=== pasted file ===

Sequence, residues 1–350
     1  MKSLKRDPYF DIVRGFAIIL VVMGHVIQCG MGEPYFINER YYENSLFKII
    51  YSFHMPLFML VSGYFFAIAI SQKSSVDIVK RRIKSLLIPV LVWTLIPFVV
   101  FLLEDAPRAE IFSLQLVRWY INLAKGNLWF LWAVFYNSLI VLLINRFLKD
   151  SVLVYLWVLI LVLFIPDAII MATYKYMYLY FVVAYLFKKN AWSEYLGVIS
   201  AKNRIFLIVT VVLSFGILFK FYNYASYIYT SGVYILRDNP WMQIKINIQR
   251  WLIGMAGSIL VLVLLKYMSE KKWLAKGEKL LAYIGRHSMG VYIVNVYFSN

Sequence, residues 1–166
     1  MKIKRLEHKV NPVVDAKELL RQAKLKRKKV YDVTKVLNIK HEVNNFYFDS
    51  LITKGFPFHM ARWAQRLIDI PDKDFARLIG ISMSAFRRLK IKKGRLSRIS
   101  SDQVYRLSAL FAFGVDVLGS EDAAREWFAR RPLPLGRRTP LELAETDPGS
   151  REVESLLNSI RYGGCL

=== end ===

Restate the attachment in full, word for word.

Sequence, residues 1–350
     1  MKSLKRDPYF DIVRGFAIIL VVMGHVIQCG MGEPYFINER YYENSLFKII
    51  YSFHMPLFML VSGYFFAIAI SQKSSVDIVK RRIKSLLIPV LVWTLIPFVV
   101  FLLEDAPRAE IFSLQLVRWY INLAKGNLWF LWAVFYNSLI VLLINRFLKD
   151  SVLVYLWVLI LVLFIPDAII MATYKYMYLY FVVAYLFKKN AWSEYLGVIS
   201  AKNRIFLIVT VVLSFGILFK FYNYASYIYT SGVYILRDNP WMQIKINIQR
   251  WLIGMAGSIL VLVLLKYMSE KKWLAKGEKL LAYIGRHSMG VYIVNVYFSN

Sequence, residues 1–166
     1  MKIKRLEHKV NPVVDAKELL RQAKLKRKKV YDVTKVLNIK HEVNNFYFDS
    51  LITKGFPFHM ARWAQRLIDI PDKDFARLIG ISMSAFRRLK IKKGRLSRIS
   101  SDQVYRLSAL FAFGVDVLGS EDAAREWFAR RPLPLGRRTP LELAETDPGS
   151  REVESLLNSI RYGGCL